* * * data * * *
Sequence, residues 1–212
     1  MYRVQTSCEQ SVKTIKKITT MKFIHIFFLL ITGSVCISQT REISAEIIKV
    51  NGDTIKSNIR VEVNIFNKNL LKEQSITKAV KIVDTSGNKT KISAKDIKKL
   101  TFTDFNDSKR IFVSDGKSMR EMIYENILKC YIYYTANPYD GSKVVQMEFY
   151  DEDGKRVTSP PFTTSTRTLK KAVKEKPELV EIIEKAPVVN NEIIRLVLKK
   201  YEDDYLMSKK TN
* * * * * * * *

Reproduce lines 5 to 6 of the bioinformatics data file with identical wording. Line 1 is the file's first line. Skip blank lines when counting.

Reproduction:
   151  DEDGKRVTSP PFTTSTRTLK KAVKEKPELV EIIEKAPVVN NEIIRLVLKK
   201  YEDDYLMSKK TN